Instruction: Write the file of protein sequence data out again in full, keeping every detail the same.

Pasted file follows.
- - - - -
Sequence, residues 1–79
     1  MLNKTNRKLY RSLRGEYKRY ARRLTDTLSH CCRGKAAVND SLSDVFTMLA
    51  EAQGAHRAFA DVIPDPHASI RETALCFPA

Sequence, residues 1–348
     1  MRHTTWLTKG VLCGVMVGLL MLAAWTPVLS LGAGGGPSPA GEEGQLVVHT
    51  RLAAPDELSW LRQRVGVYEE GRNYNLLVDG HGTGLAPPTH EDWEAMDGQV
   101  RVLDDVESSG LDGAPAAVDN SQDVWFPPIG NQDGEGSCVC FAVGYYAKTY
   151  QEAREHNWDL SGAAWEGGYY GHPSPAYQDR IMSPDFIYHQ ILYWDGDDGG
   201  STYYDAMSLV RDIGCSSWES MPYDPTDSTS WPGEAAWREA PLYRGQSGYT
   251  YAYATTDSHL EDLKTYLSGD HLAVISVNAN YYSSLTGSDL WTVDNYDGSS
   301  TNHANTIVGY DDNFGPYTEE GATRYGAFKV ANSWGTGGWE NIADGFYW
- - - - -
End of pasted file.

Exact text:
Sequence, residues 1–79
     1  MLNKTNRKLY RSLRGEYKRY ARRLTDTLSH CCRGKAAVND SLSDVFTMLA
    51  EAQGAHRAFA DVIPDPHASI RETALCFPA

Sequence, residues 1–348
     1  MRHTTWLTKG VLCGVMVGLL MLAAWTPVLS LGAGGGPSPA GEEGQLVVHT
    51  RLAAPDELSW LRQRVGVYEE GRNYNLLVDG HGTGLAPPTH EDWEAMDGQV
   101  RVLDDVESSG LDGAPAAVDN SQDVWFPPIG NQDGEGSCVC FAVGYYAKTY
   151  QEAREHNWDL SGAAWEGGYY GHPSPAYQDR IMSPDFIYHQ ILYWDGDDGG
   201  STYYDAMSLV RDIGCSSWES MPYDPTDSTS WPGEAAWREA PLYRGQSGYT
   251  YAYATTDSHL EDLKTYLSGD HLAVISVNAN YYSSLTGSDL WTVDNYDGSS
   301  TNHANTIVGY DDNFGPYTEE GATRYGAFKV ANSWGTGGWE NIADGFYW